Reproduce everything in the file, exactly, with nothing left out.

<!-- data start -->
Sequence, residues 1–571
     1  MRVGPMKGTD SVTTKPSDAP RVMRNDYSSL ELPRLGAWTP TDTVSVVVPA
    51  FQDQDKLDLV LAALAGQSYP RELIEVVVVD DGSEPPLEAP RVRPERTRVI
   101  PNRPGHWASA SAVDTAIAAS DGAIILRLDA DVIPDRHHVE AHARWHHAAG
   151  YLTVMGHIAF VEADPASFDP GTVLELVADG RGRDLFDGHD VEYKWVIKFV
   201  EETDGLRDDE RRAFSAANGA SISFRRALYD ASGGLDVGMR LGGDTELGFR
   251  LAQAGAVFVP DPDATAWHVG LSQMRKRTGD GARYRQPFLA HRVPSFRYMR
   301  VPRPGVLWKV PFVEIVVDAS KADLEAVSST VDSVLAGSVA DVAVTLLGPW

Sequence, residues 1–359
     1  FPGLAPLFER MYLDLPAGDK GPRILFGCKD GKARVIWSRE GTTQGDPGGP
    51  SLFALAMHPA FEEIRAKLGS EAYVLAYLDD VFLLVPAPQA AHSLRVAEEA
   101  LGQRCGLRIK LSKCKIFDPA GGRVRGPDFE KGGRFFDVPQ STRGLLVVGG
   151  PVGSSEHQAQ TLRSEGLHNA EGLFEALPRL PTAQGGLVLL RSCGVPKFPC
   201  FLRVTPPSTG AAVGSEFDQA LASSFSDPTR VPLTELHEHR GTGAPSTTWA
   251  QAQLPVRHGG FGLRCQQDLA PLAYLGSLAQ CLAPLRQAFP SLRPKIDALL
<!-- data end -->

Sequence, residues 1–571
     1  MRVGPMKGTD SVTTKPSDAP RVMRNDYSSL ELPRLGAWTP TDTVSVVVPA
    51  FQDQDKLDLV LAALAGQSYP RELIEVVVVD DGSEPPLEAP RVRPERTRVI
   101  PNRPGHWASA SAVDTAIAAS DGAIILRLDA DVIPDRHHVE AHARWHHAAG
   151  YLTVMGHIAF VEADPASFDP GTVLELVADG RGRDLFDGHD VEYKWVIKFV
   201  EETDGLRDDE RRAFSAANGA SISFRRALYD ASGGLDVGMR LGGDTELGFR
   251  LAQAGAVFVP DPDATAWHVG LSQMRKRTGD GARYRQPFLA HRVPSFRYMR
   301  VPRPGVLWKV PFVEIVVDAS KADLEAVSST VDSVLAGSVA DVAVTLLGPW

Sequence, residues 1–359
     1  FPGLAPLFER MYLDLPAGDK GPRILFGCKD GKARVIWSRE GTTQGDPGGP
    51  SLFALAMHPA FEEIRAKLGS EAYVLAYLDD VFLLVPAPQA AHSLRVAEEA
   101  LGQRCGLRIK LSKCKIFDPA GGRVRGPDFE KGGRFFDVPQ STRGLLVVGG
   151  PVGSSEHQAQ TLRSEGLHNA EGLFEALPRL PTAQGGLVLL RSCGVPKFPC
   201  FLRVTPPSTG AAVGSEFDQA LASSFSDPTR VPLTELHEHR GTGAPSTTWA
   251  QAQLPVRHGG FGLRCQQDLA PLAYLGSLAQ CLAPLRQAFP SLRPKIDALL